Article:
BMW's four-cylinder K-bikes all receive a new larger 1293cc engine (from the previous 1157cc), with the 136cc displacement boost achieved via a 1mm bore increase and additional 5.3mm stroke. Connecting rods that are nine grams lighter work with 12-gram-lighter pistons and revised cam timing to give an extra 8.0 horsepower (for a claimed total of 175 at the crank) at 9250 rpm-1000 rpm lower than the 1200-and 7.4 ft-lb more torque (now 103 ft-lb) over the old engine. Also assisting in this area is a redesigned exhaust system utilizing a significantly shorter muffler and an exhaust valve in the collector; weight for the stainless steel unit has dropped from 22.9 pounds to 20.7 pounds, complete with catalytic converter.
Interesting options include the same power-shifter and 2D instrument cluster setup found on the HP2 boxer twin, and an "anti-spin control" system integrated into the standard ABS setup.
The K-bikes' Duolever front suspension gets a new lower longitudinal arm made from forged aluminum alloy that replaces the previous steel unit (reducing unsprung weight by 2.2 pounds), while the upper fork bridge also saves weight with a new hollowed-out design. A slightly redesigned wheel carrier and pivot point sharpens handling while incrementally increasing wheelbase. Spring and damping rates both front and rear have been firmed up, and the optional new electronically adjustable ESA II suspension system now not only can adjust damping and spring preload, but spring rate as well. By progressively pushing an Elastogran plastic sleeve (that assists the spring during compression) inside the metal spring via a stepper motor, the spring's rate can actually be altered.
The K1300R gains the same engine and suspension upgrades as the S model, with peak power incrementally down at 173 horsepower but identical torque figures. A shorter final drive ratio (2.91 versus 2.82) should result in quicker acceleration, however. While the K1200R had slightly steeper (more agile) steering geometry than its K1200S cousin, the K1300R has identical steering numbers to the K1300S. Most of the same performance options such as the power-shifter, ESA II electronic suspension system, 2D instrument cluster and anti-spin traction control are available for the K1300R as well.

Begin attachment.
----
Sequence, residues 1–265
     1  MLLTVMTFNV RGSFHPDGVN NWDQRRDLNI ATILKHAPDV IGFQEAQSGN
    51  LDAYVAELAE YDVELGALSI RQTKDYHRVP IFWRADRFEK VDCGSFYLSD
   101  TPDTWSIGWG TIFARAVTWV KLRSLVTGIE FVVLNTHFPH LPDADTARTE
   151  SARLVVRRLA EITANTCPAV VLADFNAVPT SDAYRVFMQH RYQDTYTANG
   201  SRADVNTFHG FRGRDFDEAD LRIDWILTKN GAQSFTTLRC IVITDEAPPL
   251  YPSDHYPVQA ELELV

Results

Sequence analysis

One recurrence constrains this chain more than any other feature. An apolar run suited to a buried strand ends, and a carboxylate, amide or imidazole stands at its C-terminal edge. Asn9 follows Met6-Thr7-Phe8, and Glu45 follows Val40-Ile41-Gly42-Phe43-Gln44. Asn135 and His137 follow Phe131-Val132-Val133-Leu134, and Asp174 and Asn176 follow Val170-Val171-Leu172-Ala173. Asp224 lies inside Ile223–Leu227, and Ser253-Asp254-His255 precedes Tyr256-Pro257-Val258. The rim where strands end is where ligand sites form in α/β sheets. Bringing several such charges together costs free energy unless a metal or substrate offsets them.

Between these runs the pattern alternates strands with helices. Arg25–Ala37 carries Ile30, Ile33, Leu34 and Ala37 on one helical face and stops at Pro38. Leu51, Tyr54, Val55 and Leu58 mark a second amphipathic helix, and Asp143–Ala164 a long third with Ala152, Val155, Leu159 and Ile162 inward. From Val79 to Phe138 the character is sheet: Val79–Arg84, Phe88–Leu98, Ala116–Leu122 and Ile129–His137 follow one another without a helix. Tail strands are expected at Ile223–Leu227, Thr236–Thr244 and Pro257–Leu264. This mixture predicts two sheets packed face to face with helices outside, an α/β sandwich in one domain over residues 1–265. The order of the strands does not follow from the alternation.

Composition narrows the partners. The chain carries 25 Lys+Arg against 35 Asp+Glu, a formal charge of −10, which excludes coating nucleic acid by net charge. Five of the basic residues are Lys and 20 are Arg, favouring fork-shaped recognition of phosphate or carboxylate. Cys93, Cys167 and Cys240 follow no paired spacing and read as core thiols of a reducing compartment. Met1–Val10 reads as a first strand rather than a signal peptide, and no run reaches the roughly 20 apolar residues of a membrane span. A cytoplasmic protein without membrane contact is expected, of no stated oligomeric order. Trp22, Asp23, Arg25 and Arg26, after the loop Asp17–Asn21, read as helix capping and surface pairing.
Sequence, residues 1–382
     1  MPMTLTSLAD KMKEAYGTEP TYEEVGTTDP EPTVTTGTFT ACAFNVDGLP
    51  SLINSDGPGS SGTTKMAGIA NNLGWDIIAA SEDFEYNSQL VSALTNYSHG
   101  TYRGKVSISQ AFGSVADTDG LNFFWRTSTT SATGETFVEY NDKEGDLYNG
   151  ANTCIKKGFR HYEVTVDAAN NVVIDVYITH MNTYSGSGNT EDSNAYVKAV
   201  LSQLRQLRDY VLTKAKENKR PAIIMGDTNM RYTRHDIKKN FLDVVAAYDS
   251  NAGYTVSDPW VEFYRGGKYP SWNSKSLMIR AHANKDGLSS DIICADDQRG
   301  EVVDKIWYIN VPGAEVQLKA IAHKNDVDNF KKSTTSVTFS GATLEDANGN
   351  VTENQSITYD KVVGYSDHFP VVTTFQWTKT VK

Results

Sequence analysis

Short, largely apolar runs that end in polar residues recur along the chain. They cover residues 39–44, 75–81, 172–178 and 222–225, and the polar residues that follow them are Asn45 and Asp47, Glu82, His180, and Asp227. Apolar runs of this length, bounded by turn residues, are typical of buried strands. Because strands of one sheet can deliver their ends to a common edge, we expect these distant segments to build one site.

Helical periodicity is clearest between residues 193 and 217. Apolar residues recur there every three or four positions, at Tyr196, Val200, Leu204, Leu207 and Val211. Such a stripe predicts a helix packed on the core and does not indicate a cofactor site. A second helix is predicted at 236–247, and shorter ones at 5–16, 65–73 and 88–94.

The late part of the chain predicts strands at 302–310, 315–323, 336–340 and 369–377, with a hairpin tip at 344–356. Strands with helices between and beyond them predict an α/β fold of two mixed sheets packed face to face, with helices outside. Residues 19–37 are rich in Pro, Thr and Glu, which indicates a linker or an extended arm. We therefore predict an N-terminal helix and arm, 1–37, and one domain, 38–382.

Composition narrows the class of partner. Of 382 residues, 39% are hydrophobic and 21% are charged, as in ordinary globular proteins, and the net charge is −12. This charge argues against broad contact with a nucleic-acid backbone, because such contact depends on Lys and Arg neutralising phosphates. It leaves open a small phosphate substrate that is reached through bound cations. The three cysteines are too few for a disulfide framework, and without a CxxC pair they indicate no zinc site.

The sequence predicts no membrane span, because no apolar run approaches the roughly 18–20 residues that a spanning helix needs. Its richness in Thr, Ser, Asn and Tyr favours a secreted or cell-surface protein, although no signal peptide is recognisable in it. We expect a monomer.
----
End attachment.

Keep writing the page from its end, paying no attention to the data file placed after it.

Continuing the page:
The K1300GT's powerplant is basically the same as the R and S models with engine tuning biased more toward low-end torque. Horsepower is rated at 160 at the crank, with torque measuring 99 ft-lb at 8000 rpm; there is said to be significantly more torque at lower rpm levels, with 80 percent of the engine's maximum torque available from 3500 rpm. The shift lever now runs in special anti-friction bearings for faster and more precise gearchanges, and the fairing has undergone some subtle modifications, including new integrated tipover protectors. Steering geometry numbers remain the same more-relaxed setup from the previous K1200GT, but the new Duolever aluminum control arm gets fitted to the GT as well. The latest ESA II electronic suspension adjustment is likewise available on the GT as an option.
But one of the most important improvements to the K series BMWs (in our opinion) is the surprising move to conventional turn signal switchgear, with a single conventional push-to-cancel switch on the left handlebar finally replacing the tedious and idiosyncratic multiple-button turn signal switchgear of previous BMWs. Retail prices were unavailable at press time. -KK